We Cannot Afford Not To Invest in Our Education Workforce

The following is the written testimony of Colorado educator, Anthony Abel-Pype, submitted to the House Education Committee Hearing on HB23-1001, Expanding Assistance For Educator Programs. HB23-1001 supports student teachers toward the goal of diversifying the teacher workforce. While all students benefit from having a diverse teaching staff, students of color especially see tremendous benefits like improved academic performance and increased likelihood of going to college. This legislation is a continuation of HB22-1220, Removing Barriers to Educator Preparation, a bill we championed last session that paid for teacher exam fees, expanded pathways to licensure by allowing multiple ways to demonstrate competency, and paid teacher candidates for student teaching work. HB23-1001 was passed by the House Education Committee on January 26, 2023.

I submit this letter as written testimony for my support of HB23-1001 Expanding Assistance for Educator Programs. 

I have been a teacher in Denver Public Schools for 14 years serving students that qualify for free and reduced lunch at a rate of no less than 80% in any given school year over my career. 

18 years ago I had a decision to make about the career I wished to pursue, and while my options were wide open, a career in education was one I was highly interested in. However, I had hesitations due to time commitments of teachers as well as low starting salaries and low overall potential career earnings over a lifetime. One factor that helped push me into a career in education was the Public Service Loan Forgiveness program as it helped to curb the cost of the loans I had to take out to complete my education. Also, I am proud to say that just recently I was informed by the Department of Education that I have met all the requirements of the program, and the remainder of my student loan balance has been forgiven.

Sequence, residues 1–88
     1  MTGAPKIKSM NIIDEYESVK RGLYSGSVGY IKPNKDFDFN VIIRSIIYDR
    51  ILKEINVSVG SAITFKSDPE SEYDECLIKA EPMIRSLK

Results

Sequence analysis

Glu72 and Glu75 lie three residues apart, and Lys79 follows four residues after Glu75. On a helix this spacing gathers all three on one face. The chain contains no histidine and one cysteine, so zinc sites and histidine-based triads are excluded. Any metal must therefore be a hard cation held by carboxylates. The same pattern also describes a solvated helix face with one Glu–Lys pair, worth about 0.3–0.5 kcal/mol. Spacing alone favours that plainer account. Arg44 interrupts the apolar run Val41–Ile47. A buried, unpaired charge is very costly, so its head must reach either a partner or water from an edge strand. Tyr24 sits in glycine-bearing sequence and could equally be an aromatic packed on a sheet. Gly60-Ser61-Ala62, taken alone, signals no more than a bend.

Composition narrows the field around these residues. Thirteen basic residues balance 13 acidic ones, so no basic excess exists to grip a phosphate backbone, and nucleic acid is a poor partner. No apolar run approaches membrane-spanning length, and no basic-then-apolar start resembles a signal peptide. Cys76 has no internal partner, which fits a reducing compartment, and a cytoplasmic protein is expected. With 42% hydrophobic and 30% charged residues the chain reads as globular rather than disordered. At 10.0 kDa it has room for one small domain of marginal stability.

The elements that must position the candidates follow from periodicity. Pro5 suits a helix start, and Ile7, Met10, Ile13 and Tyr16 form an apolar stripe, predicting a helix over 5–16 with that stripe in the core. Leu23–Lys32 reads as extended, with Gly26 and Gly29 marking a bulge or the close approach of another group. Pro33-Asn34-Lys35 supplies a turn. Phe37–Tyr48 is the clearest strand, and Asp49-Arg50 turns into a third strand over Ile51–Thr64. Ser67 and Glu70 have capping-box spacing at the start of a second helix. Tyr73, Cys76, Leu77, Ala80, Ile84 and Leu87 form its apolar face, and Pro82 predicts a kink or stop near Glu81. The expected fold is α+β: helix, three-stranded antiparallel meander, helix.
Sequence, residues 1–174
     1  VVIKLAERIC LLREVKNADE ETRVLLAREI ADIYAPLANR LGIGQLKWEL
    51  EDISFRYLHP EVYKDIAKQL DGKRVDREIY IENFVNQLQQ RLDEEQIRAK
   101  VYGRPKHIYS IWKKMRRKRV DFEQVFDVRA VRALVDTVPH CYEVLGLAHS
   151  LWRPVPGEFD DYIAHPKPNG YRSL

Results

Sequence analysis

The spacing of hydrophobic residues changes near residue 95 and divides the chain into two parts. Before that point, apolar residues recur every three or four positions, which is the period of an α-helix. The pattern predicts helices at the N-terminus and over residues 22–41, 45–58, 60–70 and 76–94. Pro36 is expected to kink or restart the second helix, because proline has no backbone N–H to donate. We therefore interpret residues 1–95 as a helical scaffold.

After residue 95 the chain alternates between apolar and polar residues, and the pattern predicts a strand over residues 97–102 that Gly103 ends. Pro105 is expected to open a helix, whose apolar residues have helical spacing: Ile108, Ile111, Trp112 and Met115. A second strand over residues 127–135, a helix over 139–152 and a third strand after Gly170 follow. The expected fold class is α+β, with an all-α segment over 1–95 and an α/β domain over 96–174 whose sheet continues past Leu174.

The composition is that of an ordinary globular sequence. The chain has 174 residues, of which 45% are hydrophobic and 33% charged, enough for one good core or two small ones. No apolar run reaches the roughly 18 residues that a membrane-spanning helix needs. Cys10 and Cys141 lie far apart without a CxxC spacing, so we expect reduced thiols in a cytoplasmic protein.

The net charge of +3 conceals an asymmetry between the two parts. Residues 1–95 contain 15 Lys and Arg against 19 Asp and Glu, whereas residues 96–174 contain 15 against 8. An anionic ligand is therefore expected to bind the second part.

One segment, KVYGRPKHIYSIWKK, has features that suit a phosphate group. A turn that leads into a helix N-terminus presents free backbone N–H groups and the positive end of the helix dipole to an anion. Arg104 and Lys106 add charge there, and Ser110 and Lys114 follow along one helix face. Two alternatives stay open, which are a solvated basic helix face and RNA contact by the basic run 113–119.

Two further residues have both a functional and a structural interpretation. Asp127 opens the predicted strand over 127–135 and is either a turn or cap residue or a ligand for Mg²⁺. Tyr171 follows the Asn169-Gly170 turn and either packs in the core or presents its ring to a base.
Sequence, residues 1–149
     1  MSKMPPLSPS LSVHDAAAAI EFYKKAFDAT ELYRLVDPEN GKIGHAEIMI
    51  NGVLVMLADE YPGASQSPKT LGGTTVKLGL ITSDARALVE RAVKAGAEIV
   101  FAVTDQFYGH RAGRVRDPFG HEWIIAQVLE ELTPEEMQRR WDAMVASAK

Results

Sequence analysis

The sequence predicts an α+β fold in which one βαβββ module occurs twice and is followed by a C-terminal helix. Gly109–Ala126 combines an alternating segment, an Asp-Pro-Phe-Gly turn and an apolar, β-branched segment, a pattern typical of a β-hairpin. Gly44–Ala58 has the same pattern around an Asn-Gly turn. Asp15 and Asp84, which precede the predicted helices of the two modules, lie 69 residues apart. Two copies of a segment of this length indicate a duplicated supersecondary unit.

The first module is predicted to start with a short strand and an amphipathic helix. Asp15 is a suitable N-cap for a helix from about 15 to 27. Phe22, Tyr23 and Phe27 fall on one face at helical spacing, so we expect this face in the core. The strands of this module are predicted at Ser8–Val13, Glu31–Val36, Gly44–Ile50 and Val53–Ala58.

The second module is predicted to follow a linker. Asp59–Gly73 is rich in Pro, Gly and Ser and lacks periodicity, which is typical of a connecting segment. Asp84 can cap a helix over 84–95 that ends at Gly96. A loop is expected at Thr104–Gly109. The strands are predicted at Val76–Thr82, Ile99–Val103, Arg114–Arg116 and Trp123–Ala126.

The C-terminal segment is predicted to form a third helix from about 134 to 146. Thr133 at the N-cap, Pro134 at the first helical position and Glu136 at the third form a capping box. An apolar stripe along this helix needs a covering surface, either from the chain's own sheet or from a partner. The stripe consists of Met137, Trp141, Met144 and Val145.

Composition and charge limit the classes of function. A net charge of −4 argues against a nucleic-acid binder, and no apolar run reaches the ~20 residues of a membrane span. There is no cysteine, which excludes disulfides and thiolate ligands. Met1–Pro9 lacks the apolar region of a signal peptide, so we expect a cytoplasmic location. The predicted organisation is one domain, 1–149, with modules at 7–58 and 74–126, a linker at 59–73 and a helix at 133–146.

Next, in my career in Denver Public Schools, two issues have stood out every year that has been detrimental to student outcomes. First, people leave the career prematurely. This hurts students as it creates instability in the education system as teachers cycle in and out needing time to gain knowledge and experience to be effective educators. Next, a severe lack of diversity in the field. As someone who has worked in schools that have 90% students of color, I am confident that if there were more people in education that students could more closely relate to culturally, they would become more engaged in their studies and buy into the education process. Imagine if everyday you went to school and you could not relate to the  overwhelming majority of people in power. It is easy to imagine how that would negatively impact motivation. And, I have had a front row seat to how students are impacted when they have educators they feel understands them. 

Bills that can offer incentives, financial and otherwise, for people in general, and people of color in particular, to choose a career path in education, and to stick with it, will go a long way to improving student outcomes in the state of Colorado. This means more students graduating, more students pursuing higher education at traditional colleges and universities, as well as technical colleges. Ask any administrator in education right now about how recruiting and retaining high quality educators is going, and it will be extremely clear that any and all programs to help find and retain high quality educators should be a top policy priority. 

Education has, and always will be, an investment in the future society and economy. You may ask how the state can afford to do this, and I would counter with: how can we afford not to? 

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